Continuing research on small business entrepreneurs is important due to their valuable contribution to the economic growth of the country. Knowledge acquisition tools and technology (“KA tools”) will enhance the ability and accessibility for them to gain more information, knowledge, and understanding on financial knowledge, promoting business performance, improving sustainability, and reducing the failure rate of small businesses.

The current high restaurant business failure rate and research gaps lead to the research questions: (1) What is the relationship between the level of prior or existing financial knowledge and level of knowledge acquisition? (2) What is the relationship between the level of existing financial knowledge and level of need for financial knowledge acquisition tools and technology? (3) What is the relationship among the level of each financial knowledge acquisition aspect and level of need for financial KA tools in order to comprehensively satisfy the requirements of small business entrepreneurs, particularly in the restaurant business, to fill the gap in current studies?

This study makes an academic contribution to the literature in a number of ways. Firstly, this research draws on existing theory and extends a model of knowledge acquisition whereby the base level of prior knowledge (Roper & Love, 2017) indicates the level of knowledge acquisition that effects on the decision-making skill (Kheradmand & Jafari, 2015) of entrepreneurs, enhancing business performance (Song, Min, Lee, & Seo, 2017). Secondly, this study contributes by building on the current literature and extending the importance of financial knowledge for small business success such as financing, record keeping and accounting, cash management, business planning (Hyder & Lussier, 2016), cost calculation (Oyadomari, Silva, Mendonça Neto, & Diehl, 2017), and a feasibility study (Okon & Morgan, 2018) that lead to need for KA tools for small business entrepreneurs in particular of a restaurant business.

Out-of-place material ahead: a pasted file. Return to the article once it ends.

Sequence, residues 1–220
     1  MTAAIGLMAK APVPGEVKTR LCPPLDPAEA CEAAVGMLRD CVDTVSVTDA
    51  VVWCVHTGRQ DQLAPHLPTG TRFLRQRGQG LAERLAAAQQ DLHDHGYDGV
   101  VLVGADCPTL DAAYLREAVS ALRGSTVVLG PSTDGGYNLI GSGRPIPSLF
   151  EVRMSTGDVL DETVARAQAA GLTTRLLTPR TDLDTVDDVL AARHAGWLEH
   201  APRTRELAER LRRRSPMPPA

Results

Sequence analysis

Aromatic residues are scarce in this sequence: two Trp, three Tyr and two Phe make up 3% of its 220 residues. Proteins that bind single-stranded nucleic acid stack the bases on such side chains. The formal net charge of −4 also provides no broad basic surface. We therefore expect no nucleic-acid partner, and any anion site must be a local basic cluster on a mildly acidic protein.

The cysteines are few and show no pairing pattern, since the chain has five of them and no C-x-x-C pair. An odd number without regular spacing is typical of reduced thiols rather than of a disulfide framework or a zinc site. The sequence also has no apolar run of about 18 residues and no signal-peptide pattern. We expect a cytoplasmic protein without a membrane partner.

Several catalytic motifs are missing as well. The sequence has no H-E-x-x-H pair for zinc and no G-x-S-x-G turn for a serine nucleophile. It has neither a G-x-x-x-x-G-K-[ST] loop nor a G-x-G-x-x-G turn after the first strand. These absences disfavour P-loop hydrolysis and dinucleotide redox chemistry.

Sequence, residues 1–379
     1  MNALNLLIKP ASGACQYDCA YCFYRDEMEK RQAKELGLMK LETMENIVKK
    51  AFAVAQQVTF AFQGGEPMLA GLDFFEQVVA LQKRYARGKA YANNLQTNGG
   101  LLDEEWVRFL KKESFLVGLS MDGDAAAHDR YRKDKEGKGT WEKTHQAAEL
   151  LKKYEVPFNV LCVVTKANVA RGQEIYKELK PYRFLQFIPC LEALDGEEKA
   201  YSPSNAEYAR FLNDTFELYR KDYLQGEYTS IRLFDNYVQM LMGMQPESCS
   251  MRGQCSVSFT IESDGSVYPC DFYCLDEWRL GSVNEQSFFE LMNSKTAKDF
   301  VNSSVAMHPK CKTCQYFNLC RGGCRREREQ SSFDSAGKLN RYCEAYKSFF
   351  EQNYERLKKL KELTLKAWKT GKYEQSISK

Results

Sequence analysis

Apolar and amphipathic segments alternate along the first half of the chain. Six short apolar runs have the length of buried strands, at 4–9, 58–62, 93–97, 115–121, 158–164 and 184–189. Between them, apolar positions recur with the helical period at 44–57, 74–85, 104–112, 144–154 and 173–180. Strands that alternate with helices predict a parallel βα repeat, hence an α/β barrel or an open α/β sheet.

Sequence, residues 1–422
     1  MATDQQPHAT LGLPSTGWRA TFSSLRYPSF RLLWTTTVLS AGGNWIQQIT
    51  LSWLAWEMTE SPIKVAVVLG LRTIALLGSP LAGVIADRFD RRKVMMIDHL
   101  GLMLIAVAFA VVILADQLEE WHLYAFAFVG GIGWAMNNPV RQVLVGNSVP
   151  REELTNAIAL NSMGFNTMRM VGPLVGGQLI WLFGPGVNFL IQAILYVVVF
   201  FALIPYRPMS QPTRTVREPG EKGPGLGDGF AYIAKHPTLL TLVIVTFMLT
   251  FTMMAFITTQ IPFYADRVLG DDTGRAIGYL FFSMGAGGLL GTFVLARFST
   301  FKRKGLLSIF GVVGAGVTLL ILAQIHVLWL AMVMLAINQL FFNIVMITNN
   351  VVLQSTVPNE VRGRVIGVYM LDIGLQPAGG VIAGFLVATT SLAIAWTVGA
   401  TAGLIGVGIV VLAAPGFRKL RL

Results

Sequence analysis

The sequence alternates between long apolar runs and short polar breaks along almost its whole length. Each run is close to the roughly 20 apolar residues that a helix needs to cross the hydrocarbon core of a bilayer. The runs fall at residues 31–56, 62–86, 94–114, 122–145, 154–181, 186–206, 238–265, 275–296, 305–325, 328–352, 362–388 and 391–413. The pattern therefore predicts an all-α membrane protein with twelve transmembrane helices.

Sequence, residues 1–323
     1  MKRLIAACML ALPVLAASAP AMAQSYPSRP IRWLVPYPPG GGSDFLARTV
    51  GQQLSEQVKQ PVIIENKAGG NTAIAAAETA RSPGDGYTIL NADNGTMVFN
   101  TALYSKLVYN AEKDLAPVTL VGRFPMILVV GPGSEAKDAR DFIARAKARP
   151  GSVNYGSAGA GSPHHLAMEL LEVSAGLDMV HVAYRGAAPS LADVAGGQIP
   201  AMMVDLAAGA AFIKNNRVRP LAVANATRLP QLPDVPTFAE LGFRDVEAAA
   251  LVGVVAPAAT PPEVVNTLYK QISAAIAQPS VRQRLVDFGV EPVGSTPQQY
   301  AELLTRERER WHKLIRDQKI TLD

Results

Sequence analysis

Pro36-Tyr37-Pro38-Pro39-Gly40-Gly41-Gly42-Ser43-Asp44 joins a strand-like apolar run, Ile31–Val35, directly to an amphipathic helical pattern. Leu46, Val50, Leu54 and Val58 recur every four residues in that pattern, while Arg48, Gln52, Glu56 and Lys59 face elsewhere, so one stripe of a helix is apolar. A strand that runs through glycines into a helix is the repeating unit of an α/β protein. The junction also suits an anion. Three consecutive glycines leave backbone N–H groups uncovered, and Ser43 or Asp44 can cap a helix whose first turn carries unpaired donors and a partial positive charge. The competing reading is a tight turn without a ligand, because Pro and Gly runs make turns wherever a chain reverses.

In contrast to previous studies, the findings from this study indicate that a lower level of existing financial knowledge leads to a higher level of financial knowledge acquisition due to the characteristics of restaurant entrepreneurs as new entrants, taking a central position with responsibility for business performance (Bridge, O’Neill, & Cromie, 2003). Therefore, they have to seek information, knowledge, and expertise to enable their business to survive which is consistent with the study by Bridge et al. (2003).

In addition, the findings from this study indicate that financial knowledge acquisition when applying for a loan from the bank is essential for small business entrepreneurs. This is consistent with the studies by Hyder & Lussier (2016) in that adequate capital is one of the main contributory factors for business success. Therefore, the level of need for KA tools is greater when applying for a loan. Information asymmetry is an obstacle for small business entrepreneurs (Moy & Luk, 2003; Orser, Hogarth-Scott, & Riding, 2000). However, KA tools provide restaurant business entrepreneurs with access to appropriate sources of financing for the sustainability and survival of their businesses. The results of this study will be beneficial to government agencies, academics, practitioners, and financial institutions in developing strategies to support KA tools for small business entrepreneurs to improve their chances of success.